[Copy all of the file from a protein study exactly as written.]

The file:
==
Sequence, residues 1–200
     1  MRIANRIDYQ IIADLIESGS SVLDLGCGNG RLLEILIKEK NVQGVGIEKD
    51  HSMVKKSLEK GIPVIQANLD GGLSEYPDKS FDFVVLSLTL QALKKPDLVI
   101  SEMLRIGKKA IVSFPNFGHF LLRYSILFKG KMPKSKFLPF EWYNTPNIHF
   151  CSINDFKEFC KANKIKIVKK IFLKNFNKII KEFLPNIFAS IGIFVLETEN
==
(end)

Sequence, residues 1–200
     1  MRIANRIDYQ IIADLIESGS SVLDLGCGNG RLLEILIKEK NVQGVGIEKD
    51  HSMVKKSLEK GIPVIQANLD GGLSEYPDKS FDFVVLSLTL QALKKPDLVI
   101  SEMLRIGKKA IVSFPNFGHF LLRYSILFKG KMPKSKFLPF EWYNTPNIHF
   151  CSINDFKEFC KANKIKIVKK IFLKNFNKII KEFLPNIFAS IGIFVLETEN